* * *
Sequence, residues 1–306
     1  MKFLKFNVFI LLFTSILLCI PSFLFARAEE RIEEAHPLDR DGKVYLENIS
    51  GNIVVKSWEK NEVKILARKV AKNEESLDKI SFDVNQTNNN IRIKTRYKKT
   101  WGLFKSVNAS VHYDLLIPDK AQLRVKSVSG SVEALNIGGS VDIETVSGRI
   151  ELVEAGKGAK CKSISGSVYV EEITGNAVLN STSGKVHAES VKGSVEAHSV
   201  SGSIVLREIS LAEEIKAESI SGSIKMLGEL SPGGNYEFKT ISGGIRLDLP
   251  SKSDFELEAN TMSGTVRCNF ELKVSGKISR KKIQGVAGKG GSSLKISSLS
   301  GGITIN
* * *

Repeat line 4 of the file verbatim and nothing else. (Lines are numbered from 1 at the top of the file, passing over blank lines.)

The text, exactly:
   101  WGLFKSVNAS VHYDLLIPDK AQLRVKSVSG SVEALNIGGS VDIETVSGRI